She froze, holding completely still, as the scaled, furred, head turned in her direction. The tongueless mouth opened, testing the air like a snake against the roof of that gaping black maw. Slowly, almost meanderingly, it began to make its way across the floor, each pass bringing it just a little closer… It can sense organics, she thought with a chill, which means, she realised, it can see me.
She broke cover, jumping up to catch a projecting rim, feet finding purchase on the side of the machine as the thing charged. She scrambled up,swinging her legs over the top of the machine in an undignified roll. The creature leapt from the floor, barely missing her and caught the side of the machine.
She took two long strides and jumped to the next gantry, nearly slipping in the slick surface of the machine, as the creature pulled itself up. She landed painfully, the gantry shaking deafeningly and she did not have time to think about what would happen if someone heard. She was already running, clambering up the side of the nearest machine as the clack of claws on metal told her it was gaining on her.
Forcing old muscles to life she pushed up from the top of the machine, in a desperate jump to the wooden rafters. Her fingers caught, her weight swung painfully at the end of her arm, and then she had a second hand up to secure her grip and swung her legs up and over the wooden beam as fast as she could.
Sitting astride the rafter she could see it squatting on the gantry, eyeing her malevolently as its head tilted from side to side. For an instant she thought it would jump, trying to knock her off the beam. Susan braced herself, ready to knock it away before it could get a grip with claws or teeth. In a straight fight, she was dead. It did not jump, and with a moment’s relief she hoped the gap was too far for it.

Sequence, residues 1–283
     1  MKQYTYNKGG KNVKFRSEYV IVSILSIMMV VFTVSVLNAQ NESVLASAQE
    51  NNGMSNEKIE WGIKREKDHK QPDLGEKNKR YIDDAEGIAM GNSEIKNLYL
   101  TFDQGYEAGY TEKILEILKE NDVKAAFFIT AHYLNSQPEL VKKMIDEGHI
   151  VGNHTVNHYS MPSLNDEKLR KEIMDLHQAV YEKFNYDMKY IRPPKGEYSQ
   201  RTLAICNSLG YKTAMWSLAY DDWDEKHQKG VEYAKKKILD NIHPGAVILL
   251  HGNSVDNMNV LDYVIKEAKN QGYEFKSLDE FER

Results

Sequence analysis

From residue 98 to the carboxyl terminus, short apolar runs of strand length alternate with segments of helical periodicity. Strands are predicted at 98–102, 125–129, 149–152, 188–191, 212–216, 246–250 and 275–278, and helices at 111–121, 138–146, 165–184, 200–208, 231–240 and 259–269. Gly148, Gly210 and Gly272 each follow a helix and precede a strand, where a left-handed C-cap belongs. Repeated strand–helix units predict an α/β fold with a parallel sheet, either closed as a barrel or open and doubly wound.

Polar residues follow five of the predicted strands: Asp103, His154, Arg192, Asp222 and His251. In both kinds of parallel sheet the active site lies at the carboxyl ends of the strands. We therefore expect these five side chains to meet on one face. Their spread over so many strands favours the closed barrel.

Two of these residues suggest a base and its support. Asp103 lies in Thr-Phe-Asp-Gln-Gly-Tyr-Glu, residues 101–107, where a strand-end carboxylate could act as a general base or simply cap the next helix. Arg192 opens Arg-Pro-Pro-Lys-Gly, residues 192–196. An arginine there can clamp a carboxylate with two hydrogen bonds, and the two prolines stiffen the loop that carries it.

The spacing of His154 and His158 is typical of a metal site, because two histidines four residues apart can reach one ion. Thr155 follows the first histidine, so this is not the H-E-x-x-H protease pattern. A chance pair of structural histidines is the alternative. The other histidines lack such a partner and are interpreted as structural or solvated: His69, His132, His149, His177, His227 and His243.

Hauling herself up, she walked along the narrow beam as quickly as she could, trying to put distance between them, as she looked for a way out. There was a sharp scrape of claws on metal. Her balance teetered and she caught herself, glancing back as she readied to kick out. It had skittered across, keeping level with her on top of the machine.
As she edged away, it matched her, jumping to the next machine across, and then a control gantry as she tried to move further out of reach. Susan stared at the brick wall in front of her, the rafter ending at the beginning of the roof. There was no ledge, no gantry; the beam ended abruptly at the wall and the next rafter was ten feet away. She was trapped. She turned back.
It was crouched on the metal gantry behind and below her. Either she was out of range or…
It knew the rafter would not hold it. How smart are you? Susan thought. Are you a smart animal or a stupid humanoid? Are you a tool user? She kept walking, edging back and forth precariously on the beam. The creature had crouched, ready to try a jump that would knock them both to the floor, but it was not going to risk missing and letting its prey escape.
She wasn’t going to give it a chance to work out angles. Susan kept her gaze switching between it and the beam. If it was a tool user, a single glance at the factory controls behind it could be deadly. If the alien found something to throw, this would end very quickly, but it would have to leave the machine to do it and lose sight of her. Instead it settled on its haunches, legs curled for a spring and simply waited. It knew she was trapped, knew as well as she did that sooner or later she would have to stop moving, or slip, and then it would get its prey.
She had to find a weapon. Susan had lost her bag somewhere on the factory floor during the Yvak’s initial ambush. Walking back along the beam would only bring her nearer to the creature, and it might risk a jump anyway. The factory floor was twenty feet or more below and even if she managed the drop unharmed the creature would be on her as she recovered. She felt in her pockets for anything she could use. Gold sovereigns were as useless as dollar bills. A box of matches might be useful, if she had anything to light. The old rafter was thick oak and not easy to catch aflame and while she tried she would have to stay still. Lighting the box and throwing it would be easily dodged at this range. She turned quickly, walking the other way as she saw the creature begin to tense. It moved, crabbing sideways jointlessly to the corner of the machine. If she stayed still too long, it would jump.